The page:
“Such and such has everything, 2 [or sometimes 3] children, a seemingly happy marriage and a comfortable home in [insert wealthy suburb] but underneath the veneer of stability, the devoted, selfless housewife is coming undone….. [enter mysterious stranger/long-lost lover/priest/pole-dancer/etc/etc]”.
With Elif Shafak’s “Forty Rules of Love” I naively believed that, despite the formulaic starting point (refer above) the normal predictors and chiches would not ultimately prevail. Not least the reputation of the author (in particular her acclaimed first novel “The Bastards of Istanbul”) made me hope for greater things. But also, more importantly, it seems clear from the outset that Ella’s mid-life crisis is simply the backstory to the real guts of the novel, which is all about Sufi theology in the 13th century.
The link is less tenuous than it sounds. Ella has been contracted to read and edit the manuscript of a novel about the great poet Rumi and his teacher and mentor Shamz of Tabriz. Essentially then it could be part historical fiction – Rumi is a much loved and quoted poet (as famous as Shakespeare is in the West) and the story of his relationship with the traveling dervish Shamz of Tabriz is well documented.
Ella is transformed by what she reads. While her husband has his affairs (or so she suspects), while her children fight and bicker and generally make her life feel empty and miserable, while she cooks three course meals that no-one appreciates, she sinks deeper into herself. And therein begins her personal journey. Or so you might think!!
What ACTUALLY happens is that in the midst of her depression Ella writes a letter to the mysterious author of the book and immediately strikes up a relationship that is as profound as it is laughable.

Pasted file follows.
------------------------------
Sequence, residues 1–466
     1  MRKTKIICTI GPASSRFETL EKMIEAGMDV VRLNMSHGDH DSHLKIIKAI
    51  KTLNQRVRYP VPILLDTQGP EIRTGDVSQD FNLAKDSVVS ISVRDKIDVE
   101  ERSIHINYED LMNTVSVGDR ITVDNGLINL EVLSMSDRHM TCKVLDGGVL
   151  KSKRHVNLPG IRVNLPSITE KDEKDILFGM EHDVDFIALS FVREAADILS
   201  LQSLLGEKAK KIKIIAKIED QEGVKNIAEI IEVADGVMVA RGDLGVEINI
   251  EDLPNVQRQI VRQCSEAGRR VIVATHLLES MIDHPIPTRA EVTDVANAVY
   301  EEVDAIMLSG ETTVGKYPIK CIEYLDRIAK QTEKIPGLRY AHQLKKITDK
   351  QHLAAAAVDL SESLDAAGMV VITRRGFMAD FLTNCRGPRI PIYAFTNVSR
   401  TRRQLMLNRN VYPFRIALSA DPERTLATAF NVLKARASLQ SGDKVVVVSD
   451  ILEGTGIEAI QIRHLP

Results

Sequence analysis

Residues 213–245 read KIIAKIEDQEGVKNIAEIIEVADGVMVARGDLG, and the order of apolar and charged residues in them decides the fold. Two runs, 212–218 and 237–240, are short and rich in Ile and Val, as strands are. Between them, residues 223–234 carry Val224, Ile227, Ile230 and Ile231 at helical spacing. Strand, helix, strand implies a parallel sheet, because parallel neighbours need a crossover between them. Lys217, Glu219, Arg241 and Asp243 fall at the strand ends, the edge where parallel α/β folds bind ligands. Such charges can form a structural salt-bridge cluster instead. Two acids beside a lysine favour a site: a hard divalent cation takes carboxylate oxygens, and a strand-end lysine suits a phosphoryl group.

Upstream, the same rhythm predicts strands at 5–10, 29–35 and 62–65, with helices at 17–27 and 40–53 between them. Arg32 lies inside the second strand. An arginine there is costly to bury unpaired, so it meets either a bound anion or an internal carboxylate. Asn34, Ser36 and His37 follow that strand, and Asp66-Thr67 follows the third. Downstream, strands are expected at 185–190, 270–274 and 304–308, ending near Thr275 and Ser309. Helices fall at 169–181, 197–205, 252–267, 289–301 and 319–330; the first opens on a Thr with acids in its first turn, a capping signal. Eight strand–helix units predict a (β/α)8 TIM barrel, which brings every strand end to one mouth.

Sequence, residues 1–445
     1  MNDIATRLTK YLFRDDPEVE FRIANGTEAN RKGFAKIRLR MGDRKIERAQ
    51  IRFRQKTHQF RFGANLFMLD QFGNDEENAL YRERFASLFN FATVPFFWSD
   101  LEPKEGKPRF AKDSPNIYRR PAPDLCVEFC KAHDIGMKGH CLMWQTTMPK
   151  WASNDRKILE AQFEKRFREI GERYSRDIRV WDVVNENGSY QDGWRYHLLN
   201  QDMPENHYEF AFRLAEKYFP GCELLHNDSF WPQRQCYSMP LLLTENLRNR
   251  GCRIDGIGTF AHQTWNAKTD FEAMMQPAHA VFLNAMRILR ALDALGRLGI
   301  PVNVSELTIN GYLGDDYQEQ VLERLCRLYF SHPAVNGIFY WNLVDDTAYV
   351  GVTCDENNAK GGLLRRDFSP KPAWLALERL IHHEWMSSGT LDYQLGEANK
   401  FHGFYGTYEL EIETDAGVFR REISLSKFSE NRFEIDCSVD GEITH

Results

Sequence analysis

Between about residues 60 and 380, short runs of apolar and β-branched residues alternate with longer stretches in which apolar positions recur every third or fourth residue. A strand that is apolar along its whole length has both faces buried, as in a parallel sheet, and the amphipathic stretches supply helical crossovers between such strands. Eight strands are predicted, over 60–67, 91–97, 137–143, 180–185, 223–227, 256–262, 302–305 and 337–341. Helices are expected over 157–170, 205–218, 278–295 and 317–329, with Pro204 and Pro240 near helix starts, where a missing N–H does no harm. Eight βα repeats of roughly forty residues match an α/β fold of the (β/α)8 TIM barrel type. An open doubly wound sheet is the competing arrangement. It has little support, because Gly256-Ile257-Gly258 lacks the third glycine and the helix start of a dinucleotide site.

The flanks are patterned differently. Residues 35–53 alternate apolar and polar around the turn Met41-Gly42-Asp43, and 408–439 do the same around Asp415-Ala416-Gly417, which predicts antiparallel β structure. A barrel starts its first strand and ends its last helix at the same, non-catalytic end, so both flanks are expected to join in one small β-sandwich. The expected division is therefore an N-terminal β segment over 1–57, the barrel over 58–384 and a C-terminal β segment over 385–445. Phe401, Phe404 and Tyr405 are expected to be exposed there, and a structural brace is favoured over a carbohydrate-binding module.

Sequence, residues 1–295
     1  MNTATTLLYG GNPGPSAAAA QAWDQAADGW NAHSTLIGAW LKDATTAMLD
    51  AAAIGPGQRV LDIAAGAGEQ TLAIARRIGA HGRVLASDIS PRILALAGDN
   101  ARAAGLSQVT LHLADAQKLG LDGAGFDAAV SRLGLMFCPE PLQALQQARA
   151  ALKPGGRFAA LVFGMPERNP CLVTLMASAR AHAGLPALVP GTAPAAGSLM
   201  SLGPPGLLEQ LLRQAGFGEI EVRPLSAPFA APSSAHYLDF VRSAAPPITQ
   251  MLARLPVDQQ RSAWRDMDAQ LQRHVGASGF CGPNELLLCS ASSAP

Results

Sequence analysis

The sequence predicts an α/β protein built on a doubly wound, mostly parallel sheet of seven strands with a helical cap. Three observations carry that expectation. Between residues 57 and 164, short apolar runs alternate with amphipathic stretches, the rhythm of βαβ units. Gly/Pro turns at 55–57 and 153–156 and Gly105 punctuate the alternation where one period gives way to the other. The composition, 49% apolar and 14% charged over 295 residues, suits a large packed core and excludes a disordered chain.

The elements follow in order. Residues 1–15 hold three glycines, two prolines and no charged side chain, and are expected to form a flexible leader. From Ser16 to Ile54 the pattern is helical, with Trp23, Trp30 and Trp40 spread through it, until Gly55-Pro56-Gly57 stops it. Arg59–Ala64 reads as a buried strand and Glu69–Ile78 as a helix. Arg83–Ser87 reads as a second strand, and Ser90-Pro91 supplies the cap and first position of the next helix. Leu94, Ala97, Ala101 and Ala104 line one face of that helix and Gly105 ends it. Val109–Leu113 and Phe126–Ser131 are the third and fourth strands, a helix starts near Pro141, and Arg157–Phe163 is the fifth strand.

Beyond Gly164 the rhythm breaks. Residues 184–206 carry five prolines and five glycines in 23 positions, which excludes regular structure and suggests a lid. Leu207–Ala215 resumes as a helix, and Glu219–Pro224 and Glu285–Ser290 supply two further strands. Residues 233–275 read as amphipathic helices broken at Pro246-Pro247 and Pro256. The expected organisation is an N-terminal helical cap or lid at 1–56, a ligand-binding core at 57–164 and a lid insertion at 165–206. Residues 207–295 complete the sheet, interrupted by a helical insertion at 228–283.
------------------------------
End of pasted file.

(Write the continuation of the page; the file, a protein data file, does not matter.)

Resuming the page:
The link between the parallel, if somewhat disjointed, stories lies in the message that the trials and tribulations that people are going through in the modern day and age are not very different to those people were experiencing thousands of years ago. Our circumstances may have changed but the terrain of human emotions – pride, jealousy, desire, fear, judgment, hate, love, etc, have not. The spiritual lessons that were imparted by the likes of the famous poet Rumi are as valid and applicable today as they were centuries ago.
It was a message I grasped with both hands – indeed, there was spiritual wisdom on every page which I wholeheartedly embraced. But that only made me more confused.
How is it that Ella managed to read the same text as me and come to the conclusion that the correct course of action was to walk out on her husband and kids? I mean, didn’t she just miss the point? At their core, Rumi was about love, Shamz was about truth and honesty. At the very least Ella could have confronted her husband, turned the light on his behaviour, showed him her pain. Given him an opportunity to change? Why was there no effort on Ella’s part to delve into her own flaws and weaknesses, into the ways she may have contributed to the downfall of their relationship?
How Ella managed to internalise Rumi and Shamz’ teachings as catalyst to turn her back on her kids in order to pursue a relationship with a man she’s known for five minutes, I will never know. Surely, the journey should have been inwards? Even if her relationship had not been salvageable, wouldn’t the greater rebellion be to meet the fear of walking alone head on? I actually think Ella’s behaviour was an insult to Rumi’s teachings, at least as they are depicted in this novel.
And beyond that, why, oh WHY do married women in midlife always have to be portrayed as so weak, self-sacrificing, emotionally dependent and competent in the kitchen?!!